5 Things #issuumakers Can Learn from Re:Make 2016

By Issuu OpsOctober 1, 2016Last updated on February 2, 2018Editorial

On September 30, Brit + Co.—a San Francisco-based company that enables creativity through inspirational content, online classes and do-it-yourself kits—hosted a creativity-focused summit called Re:Make. This annual event is supposed to celebrate and explore the evolving landscape of creativity in a modern world—a landscape issuu’s movers and shakers are well acquainted with. At Re:Make 2016, we listened to some pretty cool speakers (who all happened to be women), tried our hand at crafts and walked away feeling inspired. 

For all the aspiring issuu makers out there, keep scrolling for advice from some powerful ladies and Pinterest-worthy displays that will inspire you to create something of your own.


1. Technology is great for creativity.

a person on a stage

Brit + Co.’s founder, Brit Morin, started the event with a presentation on modern technology and questioned whether apps and new inventions today are killing the arts. Trick question—it’s not. New technology is actually accelerating creativity by letting professional and amateur creatives create, experience and share artistic pursuits easier than ever.

2. Find your tribe.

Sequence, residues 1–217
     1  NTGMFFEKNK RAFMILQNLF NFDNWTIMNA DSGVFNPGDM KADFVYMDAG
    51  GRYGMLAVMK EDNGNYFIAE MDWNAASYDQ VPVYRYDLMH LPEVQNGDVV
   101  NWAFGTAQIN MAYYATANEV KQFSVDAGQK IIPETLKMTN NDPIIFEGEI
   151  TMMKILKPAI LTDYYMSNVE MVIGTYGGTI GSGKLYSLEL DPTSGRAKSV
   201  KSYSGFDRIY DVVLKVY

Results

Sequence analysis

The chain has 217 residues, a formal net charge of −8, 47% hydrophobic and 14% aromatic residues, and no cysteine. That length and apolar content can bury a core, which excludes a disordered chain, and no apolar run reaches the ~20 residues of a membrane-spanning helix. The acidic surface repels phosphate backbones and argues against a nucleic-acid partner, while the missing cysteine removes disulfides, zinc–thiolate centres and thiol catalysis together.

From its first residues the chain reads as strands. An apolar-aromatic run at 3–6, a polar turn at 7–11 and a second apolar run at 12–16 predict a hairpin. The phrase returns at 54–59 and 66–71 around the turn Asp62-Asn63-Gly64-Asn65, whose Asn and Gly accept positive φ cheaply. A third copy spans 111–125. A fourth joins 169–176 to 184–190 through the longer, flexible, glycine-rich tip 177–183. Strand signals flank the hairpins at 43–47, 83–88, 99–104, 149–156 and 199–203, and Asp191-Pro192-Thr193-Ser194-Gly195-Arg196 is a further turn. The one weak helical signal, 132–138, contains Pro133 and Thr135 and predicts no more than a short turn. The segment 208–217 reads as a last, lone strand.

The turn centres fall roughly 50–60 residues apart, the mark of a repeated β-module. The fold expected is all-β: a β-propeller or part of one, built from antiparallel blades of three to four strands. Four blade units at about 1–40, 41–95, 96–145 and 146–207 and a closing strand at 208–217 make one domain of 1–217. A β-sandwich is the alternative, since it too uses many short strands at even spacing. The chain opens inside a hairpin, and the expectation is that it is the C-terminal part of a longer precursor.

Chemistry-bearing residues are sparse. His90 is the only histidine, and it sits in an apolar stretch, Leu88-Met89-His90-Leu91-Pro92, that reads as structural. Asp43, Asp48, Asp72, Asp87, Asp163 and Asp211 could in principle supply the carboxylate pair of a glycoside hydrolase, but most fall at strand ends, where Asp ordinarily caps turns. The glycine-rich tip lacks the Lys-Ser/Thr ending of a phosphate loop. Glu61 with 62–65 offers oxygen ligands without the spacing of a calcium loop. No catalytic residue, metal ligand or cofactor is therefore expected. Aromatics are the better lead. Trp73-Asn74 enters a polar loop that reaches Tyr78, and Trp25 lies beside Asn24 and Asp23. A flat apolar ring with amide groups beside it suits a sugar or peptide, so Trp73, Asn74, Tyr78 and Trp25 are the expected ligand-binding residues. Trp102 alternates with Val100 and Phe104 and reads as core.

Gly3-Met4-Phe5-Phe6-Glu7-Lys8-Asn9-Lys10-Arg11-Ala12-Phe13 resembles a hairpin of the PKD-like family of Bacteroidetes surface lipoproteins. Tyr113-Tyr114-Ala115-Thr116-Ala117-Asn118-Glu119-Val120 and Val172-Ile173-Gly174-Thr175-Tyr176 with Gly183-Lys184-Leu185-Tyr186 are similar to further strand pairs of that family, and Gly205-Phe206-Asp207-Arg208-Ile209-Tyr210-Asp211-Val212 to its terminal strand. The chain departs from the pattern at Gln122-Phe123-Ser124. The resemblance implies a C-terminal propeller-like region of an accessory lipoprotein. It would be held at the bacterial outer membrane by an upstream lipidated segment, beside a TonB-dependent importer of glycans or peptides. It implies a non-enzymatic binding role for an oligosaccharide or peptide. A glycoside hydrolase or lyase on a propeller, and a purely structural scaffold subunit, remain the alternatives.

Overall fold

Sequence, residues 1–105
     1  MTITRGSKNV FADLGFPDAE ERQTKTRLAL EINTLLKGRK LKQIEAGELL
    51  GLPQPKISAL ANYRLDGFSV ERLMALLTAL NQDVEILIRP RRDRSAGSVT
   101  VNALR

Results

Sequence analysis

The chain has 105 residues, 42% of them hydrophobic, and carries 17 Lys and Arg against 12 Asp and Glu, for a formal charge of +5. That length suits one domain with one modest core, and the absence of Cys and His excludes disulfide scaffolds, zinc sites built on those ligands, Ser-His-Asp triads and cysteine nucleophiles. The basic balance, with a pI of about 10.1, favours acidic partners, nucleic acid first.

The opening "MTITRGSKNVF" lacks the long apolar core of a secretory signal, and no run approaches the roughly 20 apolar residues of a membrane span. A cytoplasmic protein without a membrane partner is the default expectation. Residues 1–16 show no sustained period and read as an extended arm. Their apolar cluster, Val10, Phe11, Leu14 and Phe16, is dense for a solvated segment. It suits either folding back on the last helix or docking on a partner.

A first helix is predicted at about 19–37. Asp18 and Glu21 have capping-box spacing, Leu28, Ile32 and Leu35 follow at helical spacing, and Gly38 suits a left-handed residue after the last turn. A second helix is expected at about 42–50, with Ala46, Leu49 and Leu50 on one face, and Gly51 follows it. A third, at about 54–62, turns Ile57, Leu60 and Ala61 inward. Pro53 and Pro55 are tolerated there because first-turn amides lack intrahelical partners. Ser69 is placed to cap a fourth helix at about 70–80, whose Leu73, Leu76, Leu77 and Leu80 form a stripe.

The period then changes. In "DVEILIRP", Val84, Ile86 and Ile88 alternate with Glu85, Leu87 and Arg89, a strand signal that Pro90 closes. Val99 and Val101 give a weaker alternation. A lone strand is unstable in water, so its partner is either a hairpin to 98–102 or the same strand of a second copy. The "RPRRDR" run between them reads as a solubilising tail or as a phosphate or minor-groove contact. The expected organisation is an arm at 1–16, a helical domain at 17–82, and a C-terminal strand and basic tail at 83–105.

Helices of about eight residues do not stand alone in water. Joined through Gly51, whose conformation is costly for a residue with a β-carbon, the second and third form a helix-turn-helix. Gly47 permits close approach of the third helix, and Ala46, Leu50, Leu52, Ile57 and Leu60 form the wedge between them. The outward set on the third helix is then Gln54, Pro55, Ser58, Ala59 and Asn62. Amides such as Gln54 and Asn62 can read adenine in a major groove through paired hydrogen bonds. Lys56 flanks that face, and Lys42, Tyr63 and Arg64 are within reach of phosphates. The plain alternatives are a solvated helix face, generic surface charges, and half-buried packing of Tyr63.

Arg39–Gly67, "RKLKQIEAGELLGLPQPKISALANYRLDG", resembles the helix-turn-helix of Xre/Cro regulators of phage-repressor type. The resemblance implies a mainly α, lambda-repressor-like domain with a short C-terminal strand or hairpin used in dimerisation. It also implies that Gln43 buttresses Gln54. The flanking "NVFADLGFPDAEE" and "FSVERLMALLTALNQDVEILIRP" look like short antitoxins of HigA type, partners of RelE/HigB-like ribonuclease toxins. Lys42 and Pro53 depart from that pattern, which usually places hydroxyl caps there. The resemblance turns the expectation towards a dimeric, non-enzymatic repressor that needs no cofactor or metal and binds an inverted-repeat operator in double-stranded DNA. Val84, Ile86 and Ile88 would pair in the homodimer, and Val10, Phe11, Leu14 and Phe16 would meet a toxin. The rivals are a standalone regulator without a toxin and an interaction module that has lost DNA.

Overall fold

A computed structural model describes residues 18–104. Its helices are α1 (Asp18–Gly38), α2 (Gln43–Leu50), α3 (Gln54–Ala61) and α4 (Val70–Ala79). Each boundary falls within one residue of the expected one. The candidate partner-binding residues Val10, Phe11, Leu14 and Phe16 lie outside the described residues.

a person standing in front of a podium

Sylvia Acedo, the CEO of Girl Scouts of the USA, advised attendees to “find your tribe” of like-minded people and to never take no for an answer. Creativity grows when you’re with people that can encourage and push you to work harder. 

3. Don’t be original, just be you.

a person in a dress on a stage

Justina Blakeney, the creator of The Jungalow, taught us that originality is paralyzing and how unimportant it actually is to be totally original. The key to creating something great is putting as much of yourself and your personal style into your project as possible.

4. Don’t be scared to try something new.

a person on a stage

Brené Brown is famous for her Ted Talk on “The power of vulnerability,” and she injected her presentation at the summit with points directed at being vulnerable while being a creator. The key takeaway is: do not be afraid to create. As a maker, you have a choice between comfort or courage, and you can’t have both. Making means sharing who you are from the heart to the rest of the world, and, according to Brown, you should always choose fear, disappointment and the potential to rise above being comfortable.

5. You’re the boss.

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You are the boss in your creative pursuits. Follow your passions and do what you love! It might not be a full-time job, but make what you love a part of your life and you will be infinitely happier.

The summit reminded us of the courage and originality we see from our publishers, and we’re always proud to see the creativity that flourishes on issuu. Our generators, makers and zine publishers are all proof of this. We will continue to share exceptional publications on this blog, and, to show off your current projects, you can always tweet @issuu or tag us on Instagram.

With that, we leave you one last piece of inspiration:

creativity takes courage